(Photo: Getty Images)

Proving that nothing is priceless, not even a marriage proposal, The Guardian reports that the lots at an upcoming auction for Prince memorabilia will include his first wife’s wedding ring and accoutrements as well as some unreleased tracks. Nate D. Sanders Auctions will oversee the proceedings on March 17, but the complete catalog of items that are up for bid is already online. You can vie for the chance to buy one of several ruffled shirts, tunics, and jackets worn on stage by Prince. Other items of interest include a pair of rhinestone-covered handcuffs, gold ear cuffs (again, worn by Prince), and even a chenille scarf he wore on Muppets Tonight.

But the most notable items are far more rare—and personal. There’s the 1959 vintage Gibson L-series 6-string acoustic guitar Prince used on early demos in the 1970s. And for at least $20,000 (though probably much more), you can own a cassette tape with recordings of six early Prince songs, including “Just As Long As We’re Together,” “My Love Is Forever,” and “Jelly Jam.” That tape was originally given to Dez Dickerson, former guitarist for The Revolution, who somehow managed not to record over this “piece of musical history” at any point in the last 40 years or so (cassette tapes were at a premium, once).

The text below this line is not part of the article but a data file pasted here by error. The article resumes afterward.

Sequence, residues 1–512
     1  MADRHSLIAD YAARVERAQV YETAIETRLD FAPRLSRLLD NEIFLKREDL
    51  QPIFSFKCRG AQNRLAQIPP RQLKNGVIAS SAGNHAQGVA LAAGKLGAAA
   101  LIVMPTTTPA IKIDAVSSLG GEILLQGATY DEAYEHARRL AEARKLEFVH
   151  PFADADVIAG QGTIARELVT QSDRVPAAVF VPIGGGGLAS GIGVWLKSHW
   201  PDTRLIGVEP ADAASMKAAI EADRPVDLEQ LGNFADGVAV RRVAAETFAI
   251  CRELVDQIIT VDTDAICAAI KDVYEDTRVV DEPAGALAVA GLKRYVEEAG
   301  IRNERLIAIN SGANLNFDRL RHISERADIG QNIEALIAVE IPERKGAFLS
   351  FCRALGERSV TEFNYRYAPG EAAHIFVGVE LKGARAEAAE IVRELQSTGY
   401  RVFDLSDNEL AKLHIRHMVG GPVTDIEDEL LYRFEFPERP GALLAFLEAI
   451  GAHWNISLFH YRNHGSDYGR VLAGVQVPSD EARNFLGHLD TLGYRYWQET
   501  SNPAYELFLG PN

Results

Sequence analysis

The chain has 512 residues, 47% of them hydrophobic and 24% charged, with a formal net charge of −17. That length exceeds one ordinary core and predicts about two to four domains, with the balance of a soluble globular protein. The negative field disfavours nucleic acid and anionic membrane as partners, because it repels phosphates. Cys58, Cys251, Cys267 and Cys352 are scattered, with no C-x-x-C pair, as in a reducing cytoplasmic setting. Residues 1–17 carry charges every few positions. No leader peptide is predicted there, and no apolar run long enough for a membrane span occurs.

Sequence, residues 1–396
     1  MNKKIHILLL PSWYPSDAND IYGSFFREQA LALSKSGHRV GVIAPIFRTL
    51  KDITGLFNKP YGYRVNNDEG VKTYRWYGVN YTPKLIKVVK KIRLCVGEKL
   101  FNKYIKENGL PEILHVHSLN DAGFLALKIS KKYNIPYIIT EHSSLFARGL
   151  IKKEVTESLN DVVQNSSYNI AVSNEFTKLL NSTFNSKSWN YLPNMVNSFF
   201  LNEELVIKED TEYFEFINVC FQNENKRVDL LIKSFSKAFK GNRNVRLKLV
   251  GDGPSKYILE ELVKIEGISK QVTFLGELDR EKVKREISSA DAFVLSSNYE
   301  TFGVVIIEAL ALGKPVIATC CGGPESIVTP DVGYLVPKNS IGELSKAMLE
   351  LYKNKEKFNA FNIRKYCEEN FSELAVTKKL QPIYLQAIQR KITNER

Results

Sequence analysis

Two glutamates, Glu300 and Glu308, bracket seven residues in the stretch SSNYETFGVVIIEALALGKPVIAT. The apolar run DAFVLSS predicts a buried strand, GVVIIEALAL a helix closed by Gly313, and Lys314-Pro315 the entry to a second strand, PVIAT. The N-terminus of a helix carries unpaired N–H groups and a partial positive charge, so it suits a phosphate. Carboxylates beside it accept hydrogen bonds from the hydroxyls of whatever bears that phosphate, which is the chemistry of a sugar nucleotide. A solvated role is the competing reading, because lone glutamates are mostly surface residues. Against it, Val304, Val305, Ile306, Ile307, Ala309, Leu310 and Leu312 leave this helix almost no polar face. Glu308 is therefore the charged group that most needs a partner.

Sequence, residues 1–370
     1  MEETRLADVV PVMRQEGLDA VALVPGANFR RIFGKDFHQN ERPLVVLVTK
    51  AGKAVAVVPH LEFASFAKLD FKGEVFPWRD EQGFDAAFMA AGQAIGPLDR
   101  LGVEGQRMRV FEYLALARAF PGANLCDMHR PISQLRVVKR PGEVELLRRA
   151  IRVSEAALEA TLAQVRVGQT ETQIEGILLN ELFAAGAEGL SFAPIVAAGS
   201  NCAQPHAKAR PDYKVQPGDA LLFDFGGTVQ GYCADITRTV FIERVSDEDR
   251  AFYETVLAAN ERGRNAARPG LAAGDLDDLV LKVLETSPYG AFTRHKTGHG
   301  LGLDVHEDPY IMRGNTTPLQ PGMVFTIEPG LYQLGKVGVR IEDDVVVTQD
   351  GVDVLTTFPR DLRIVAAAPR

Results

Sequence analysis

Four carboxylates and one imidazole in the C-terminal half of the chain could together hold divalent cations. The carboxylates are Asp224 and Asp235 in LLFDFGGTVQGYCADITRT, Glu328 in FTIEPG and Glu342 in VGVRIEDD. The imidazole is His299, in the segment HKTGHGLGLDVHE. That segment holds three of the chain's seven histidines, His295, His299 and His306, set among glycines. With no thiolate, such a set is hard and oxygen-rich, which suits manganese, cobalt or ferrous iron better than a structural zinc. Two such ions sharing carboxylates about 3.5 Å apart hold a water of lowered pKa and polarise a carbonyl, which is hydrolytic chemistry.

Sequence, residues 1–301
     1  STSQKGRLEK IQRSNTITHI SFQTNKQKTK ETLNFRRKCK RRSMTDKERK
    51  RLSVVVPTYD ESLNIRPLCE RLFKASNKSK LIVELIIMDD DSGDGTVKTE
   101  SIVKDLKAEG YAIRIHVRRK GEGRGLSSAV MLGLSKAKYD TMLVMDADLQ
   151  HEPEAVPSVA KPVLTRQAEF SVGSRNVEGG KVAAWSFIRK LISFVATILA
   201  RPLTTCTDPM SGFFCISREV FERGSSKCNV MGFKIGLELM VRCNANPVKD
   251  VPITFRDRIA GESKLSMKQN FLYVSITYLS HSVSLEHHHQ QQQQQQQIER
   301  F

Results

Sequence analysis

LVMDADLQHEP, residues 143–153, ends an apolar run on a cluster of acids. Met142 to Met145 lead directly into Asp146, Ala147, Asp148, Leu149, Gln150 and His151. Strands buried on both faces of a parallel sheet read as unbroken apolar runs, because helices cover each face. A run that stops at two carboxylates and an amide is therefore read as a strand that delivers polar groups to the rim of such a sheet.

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The most expensive lot on the list comes from Mayte García, who was once part of The New Power Generation—first as a dancer, then as a bilingual vocalist. She was also married to Prince during his unpronounceable/love symbol years, which must have made for an interesting if not poetic exchanging of vows (“Do you, Love Symbol, take this woman…?”). Their divorce was finalized in 2000; 16 years later, she’s put their wedding clothes and china up for auction. From her personal collection, García has also offered up her engagement ring and the five handwritten notes Prince used to take her “on a romantic journey” to find the ring. The notes have been blurred intentionally for the auction photos, but their purchase doesn’t come with the rights to reproduce, manufacture, or otherwise distribute them, which means the auction’s winner won’t be able to feign a co-writing credit for a previously unreleased Prince track titled “The Five-Heart Proposal.”

Courtesy of Nate D. Sanders Auctions

[via Pitchfork]

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